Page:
PO 

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I used to go to the university psychiatrist when I went to school, she was great. Really listened to my problems and felt like a second therapist. Since then I've just been to GPs, who mainly focus on meds rather than listening to patients. There's definitely a lot less trust there. Like I would've told my psychiatrist I was suicidal, but I'd never tell my GP. Sometimes a listening ear is what people need most. You are already off to a good start since you have personal experience and are already showing you care for your future patients. Good luck to you :smile:

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Most of the psychiatrists I have been to only did med management.  I have been seeing my current psychiatrist for over a year and I don't think he ever asked me how I am.  Thinking about that, the applies to the one before him as well and that was around 3 years.  It's like going to a Psycho pharmacologist.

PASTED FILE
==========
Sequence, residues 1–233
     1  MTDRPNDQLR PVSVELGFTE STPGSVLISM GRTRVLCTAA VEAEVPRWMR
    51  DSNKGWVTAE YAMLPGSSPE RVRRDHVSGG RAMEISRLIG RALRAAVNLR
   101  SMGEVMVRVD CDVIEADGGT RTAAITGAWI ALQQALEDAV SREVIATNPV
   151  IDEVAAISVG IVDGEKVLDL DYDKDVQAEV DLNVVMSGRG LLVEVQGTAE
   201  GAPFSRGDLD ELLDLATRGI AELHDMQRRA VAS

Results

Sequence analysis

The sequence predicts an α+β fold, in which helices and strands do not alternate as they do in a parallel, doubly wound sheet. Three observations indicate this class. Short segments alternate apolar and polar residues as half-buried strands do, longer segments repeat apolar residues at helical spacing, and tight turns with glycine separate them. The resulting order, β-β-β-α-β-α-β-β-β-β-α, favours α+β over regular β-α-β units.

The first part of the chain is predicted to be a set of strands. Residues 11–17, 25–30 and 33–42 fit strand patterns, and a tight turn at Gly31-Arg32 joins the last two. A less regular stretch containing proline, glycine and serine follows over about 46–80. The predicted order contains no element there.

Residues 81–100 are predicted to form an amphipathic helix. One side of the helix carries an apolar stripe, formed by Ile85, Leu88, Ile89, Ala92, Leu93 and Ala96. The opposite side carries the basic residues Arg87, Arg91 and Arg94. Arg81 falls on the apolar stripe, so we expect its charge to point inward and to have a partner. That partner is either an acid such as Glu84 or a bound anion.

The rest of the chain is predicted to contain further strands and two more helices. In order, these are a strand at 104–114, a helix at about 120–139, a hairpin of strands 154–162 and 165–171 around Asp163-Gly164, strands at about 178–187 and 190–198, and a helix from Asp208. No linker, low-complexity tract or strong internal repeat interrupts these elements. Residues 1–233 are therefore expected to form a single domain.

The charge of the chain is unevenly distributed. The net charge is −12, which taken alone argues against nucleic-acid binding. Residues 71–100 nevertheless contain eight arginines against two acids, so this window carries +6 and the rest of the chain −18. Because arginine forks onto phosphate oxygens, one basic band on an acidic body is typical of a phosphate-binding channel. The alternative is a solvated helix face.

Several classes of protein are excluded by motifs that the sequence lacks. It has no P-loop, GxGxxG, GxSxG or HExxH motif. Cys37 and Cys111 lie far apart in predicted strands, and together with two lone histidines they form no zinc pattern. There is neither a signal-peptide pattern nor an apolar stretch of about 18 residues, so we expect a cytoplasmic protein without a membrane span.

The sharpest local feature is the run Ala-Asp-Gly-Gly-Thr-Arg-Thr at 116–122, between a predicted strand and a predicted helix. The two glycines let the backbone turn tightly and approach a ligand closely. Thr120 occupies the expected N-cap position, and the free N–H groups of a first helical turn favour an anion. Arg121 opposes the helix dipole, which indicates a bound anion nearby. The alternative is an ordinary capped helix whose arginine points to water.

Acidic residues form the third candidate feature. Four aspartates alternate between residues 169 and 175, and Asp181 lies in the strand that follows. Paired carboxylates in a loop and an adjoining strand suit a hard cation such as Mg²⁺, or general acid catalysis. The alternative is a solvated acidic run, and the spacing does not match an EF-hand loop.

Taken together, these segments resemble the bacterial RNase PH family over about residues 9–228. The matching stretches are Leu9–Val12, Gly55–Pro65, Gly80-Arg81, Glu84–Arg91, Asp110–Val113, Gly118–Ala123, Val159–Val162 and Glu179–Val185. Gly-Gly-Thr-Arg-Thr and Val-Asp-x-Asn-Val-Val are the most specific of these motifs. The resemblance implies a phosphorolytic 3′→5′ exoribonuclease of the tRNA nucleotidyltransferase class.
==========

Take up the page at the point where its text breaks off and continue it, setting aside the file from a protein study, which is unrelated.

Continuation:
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I agree - they seem to a) see things at the 30,000-foot level and b) dispense meds.  Most of my psychiatrist visits lasted 15-20 minutes.

 

As regards the meds, I'd like to see them develop and use a FAQ with their patients.  Why am I prescribing THIS med?  What do my patients see as side effects?  How soon should I see results?  And what would those results be?  Some sort of basic primer to cover pertinent questions that a patient may not think to ask...